Beyond shelter, dweller needs within the four walls

With the growing significance of the building sector and its contribution to greenhouse gas emissions, it is important to address the environmental impact of construction

February 22, 2024 12:08 am | Updated 01:50 am IST

‘Collective housing aspirations must serve as models for a sustainable and inclusive future’

‘Collective housing aspirations must serve as models for a sustainable and inclusive future’ | Photo Credit: Getty Images/iStockphoto

In the interim Budget 2024, Finance Minister Nirmala Sitharaman announced the construction of two crore additional houses over the next five years under the Pradhan Mantri Awas Yojana Gramin (PMAY-G) and the introduction of a new housing scheme for the middle class. This is a commendable step towards realising the goals of the ambitious ‘Housing for All’ initiative and builds on the success of the PMAY scheme, which has facilitated the construction of nearly three crore rural and 80 lakh urban affordable houses since 2015.

The announcement also prompts us to critically think about the potential trade-offs with quality of life and environmental concerns as a result of the rapid expansion of the housing sector. This is evident in the case of affordable housing, where the emphasis is on mass production, prioritising speed, cost, and ease of construction over factors such as thermal comfort and the implementation of low-carbon infrastructure.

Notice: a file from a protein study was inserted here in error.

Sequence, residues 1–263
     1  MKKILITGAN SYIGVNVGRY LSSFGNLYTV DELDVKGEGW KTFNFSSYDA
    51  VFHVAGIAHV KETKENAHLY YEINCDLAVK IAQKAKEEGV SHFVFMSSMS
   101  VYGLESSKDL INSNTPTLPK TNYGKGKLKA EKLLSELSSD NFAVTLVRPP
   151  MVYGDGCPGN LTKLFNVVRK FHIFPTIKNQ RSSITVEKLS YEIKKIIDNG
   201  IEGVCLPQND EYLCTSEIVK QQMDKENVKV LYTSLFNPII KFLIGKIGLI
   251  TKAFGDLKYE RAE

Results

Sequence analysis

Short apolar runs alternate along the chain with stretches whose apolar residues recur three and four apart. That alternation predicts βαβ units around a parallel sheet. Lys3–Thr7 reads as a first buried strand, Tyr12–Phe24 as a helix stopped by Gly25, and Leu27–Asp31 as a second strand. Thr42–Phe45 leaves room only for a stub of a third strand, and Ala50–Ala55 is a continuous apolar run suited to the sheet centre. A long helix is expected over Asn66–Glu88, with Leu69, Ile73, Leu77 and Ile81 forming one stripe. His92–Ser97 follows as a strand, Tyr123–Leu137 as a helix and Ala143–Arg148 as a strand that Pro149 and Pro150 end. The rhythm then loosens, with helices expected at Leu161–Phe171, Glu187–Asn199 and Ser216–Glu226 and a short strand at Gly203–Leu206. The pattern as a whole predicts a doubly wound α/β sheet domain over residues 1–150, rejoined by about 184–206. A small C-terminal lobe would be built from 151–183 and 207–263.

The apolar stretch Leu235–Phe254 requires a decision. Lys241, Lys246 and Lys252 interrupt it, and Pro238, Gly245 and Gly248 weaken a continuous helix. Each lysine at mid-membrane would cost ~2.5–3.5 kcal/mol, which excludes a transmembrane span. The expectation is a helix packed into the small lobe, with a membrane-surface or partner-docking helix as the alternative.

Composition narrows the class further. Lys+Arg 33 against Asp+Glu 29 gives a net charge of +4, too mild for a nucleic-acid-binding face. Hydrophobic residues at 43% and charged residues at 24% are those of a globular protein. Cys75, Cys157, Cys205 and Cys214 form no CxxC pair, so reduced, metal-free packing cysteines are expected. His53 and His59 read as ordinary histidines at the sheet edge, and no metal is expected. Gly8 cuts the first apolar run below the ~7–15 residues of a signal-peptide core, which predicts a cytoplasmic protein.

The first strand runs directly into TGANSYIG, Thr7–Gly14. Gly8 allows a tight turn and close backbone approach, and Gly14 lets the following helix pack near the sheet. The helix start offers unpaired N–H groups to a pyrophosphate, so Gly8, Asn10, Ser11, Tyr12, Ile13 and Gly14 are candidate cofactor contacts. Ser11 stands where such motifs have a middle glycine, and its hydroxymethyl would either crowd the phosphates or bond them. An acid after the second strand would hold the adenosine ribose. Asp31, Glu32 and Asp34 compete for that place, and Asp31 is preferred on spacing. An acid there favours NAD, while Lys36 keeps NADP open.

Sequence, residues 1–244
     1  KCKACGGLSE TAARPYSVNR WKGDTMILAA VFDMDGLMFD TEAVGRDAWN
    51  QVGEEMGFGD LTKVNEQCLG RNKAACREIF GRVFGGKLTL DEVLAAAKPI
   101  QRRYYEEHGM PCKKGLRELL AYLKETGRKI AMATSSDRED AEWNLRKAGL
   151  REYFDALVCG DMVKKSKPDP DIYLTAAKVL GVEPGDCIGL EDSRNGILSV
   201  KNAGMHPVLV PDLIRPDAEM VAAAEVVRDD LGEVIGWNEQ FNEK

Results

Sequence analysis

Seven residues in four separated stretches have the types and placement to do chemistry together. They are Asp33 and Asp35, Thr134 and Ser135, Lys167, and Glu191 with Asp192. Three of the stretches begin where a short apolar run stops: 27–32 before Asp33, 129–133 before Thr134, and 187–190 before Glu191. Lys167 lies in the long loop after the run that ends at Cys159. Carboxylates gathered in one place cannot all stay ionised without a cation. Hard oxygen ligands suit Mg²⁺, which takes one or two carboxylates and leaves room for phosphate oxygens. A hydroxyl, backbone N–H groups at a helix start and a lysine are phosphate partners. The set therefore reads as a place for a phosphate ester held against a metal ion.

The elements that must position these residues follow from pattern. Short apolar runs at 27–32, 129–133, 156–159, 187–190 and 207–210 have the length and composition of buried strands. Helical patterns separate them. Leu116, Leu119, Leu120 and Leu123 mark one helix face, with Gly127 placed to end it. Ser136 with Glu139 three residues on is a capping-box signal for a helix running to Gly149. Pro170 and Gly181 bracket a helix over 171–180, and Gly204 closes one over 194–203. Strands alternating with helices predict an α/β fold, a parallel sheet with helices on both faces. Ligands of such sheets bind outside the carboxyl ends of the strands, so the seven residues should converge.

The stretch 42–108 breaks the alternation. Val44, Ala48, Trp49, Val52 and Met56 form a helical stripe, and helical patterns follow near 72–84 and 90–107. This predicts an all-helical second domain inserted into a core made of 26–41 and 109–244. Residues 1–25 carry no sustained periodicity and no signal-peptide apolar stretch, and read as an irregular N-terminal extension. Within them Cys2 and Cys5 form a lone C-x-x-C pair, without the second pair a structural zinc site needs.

Modern technologies in affordable housing

Within the framework of the PMAY mission, Light House Projects (LHPs) are underway as part of the Global Housing Technology Challenge (GHTC), spanning six sites across six States. These LHPs leverage modern technology and innovative processes so as to reduce construction time and build more resilient and affordable houses for the underprivileged. Additionally, there are ongoing efforts to utilise alternative construction technologies such as Mivan. This technology utilises advanced aluminium formwork, which is recyclable and reusable, to cast and construct various building elements. This approach surpasses traditional construction methods in terms of speed and quality and has a relatively lower environmental impact due to reduced wastage in the construction phase.

Though construction technologies such as Mivan offer higher efficiency and reduce the overall duration and cost of the project, they present a conundrum. The extensive use of cement and steel without proper insulation results in increased heat gain from the building envelope, causing thermal distress. Consequently, occupants resort to increased use of cooling appliances such as air conditioners. This reliance on cooling appliances triggers a surge in electricity consumption, thereby contributing to elevated greenhouse gas (GHG) emissions. Further, the predominant use of lower efficiency appliances (despite the availability of high efficiency appliances) owing to lower purchase costs leads to higher electricity consumption and resultant greenhouse gas emissions. This underscores a critical paradox, wherein a technology deemed to offer a low-carbon alternative inadvertently contributes to elevated emissions during the operational stage.

Prioritising thermal comfort